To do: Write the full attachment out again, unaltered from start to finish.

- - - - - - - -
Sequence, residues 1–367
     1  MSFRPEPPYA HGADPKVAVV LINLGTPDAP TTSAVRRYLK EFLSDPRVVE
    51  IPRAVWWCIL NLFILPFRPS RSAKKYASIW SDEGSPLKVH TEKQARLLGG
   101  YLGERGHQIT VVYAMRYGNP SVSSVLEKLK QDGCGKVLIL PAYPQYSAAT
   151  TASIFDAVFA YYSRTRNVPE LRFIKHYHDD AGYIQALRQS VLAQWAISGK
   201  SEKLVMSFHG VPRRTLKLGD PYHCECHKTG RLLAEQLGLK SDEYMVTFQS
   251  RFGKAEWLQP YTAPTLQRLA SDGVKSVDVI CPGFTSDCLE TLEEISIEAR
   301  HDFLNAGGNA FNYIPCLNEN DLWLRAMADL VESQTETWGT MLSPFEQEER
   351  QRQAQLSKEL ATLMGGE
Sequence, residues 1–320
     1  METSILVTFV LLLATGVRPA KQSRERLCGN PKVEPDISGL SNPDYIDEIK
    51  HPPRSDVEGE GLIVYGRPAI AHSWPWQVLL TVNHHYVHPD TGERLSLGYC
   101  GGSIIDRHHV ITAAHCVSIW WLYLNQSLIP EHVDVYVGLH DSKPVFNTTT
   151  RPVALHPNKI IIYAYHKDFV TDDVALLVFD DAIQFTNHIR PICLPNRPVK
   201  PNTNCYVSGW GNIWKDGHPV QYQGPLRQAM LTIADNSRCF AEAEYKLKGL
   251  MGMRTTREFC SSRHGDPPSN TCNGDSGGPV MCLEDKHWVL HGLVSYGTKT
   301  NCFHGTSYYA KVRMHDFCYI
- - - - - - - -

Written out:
Sequence, residues 1–367
     1  MSFRPEPPYA HGADPKVAVV LINLGTPDAP TTSAVRRYLK EFLSDPRVVE
    51  IPRAVWWCIL NLFILPFRPS RSAKKYASIW SDEGSPLKVH TEKQARLLGG
   101  YLGERGHQIT VVYAMRYGNP SVSSVLEKLK QDGCGKVLIL PAYPQYSAAT
   151  TASIFDAVFA YYSRTRNVPE LRFIKHYHDD AGYIQALRQS VLAQWAISGK
   201  SEKLVMSFHG VPRRTLKLGD PYHCECHKTG RLLAEQLGLK SDEYMVTFQS
   251  RFGKAEWLQP YTAPTLQRLA SDGVKSVDVI CPGFTSDCLE TLEEISIEAR
   301  HDFLNAGGNA FNYIPCLNEN DLWLRAMADL VESQTETWGT MLSPFEQEER
   351  QRQAQLSKEL ATLMGGE
Sequence, residues 1–320
     1  METSILVTFV LLLATGVRPA KQSRERLCGN PKVEPDISGL SNPDYIDEIK
    51  HPPRSDVEGE GLIVYGRPAI AHSWPWQVLL TVNHHYVHPD TGERLSLGYC
   101  GGSIIDRHHV ITAAHCVSIW WLYLNQSLIP EHVDVYVGLH DSKPVFNTTT
   151  RPVALHPNKI IIYAYHKDFV TDDVALLVFD DAIQFTNHIR PICLPNRPVK
   201  PNTNCYVSGW GNIWKDGHPV QYQGPLRQAM LTIADNSRCF AEAEYKLKGL
   251  MGMRTTREFC SSRHGDPPSN TCNGDSGGPV MCLEDKHWVL HGLVSYGTKT
   301  NCFHGTSYYA KVRMHDFCYI